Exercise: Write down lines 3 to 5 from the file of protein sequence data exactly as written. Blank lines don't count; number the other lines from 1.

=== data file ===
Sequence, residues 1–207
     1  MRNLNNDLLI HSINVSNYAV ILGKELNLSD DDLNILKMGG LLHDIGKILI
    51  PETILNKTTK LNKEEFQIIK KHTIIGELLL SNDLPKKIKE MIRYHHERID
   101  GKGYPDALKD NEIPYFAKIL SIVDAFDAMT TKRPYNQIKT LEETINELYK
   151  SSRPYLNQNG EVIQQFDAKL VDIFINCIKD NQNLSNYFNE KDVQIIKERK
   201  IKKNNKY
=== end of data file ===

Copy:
    51  PETILNKTTK LNKEEFQIIK KHTIIGELLL SNDLPKKIKE MIRYHHERID
   101  GKGYPDALKD NEIPYFAKIL SIVDAFDAMT TKRPYNQIKT LEETINELYK
   151  SSRPYLNQNG EVIQQFDAKL VDIFINCIKD NQNLSNYFNE KDVQIIKERK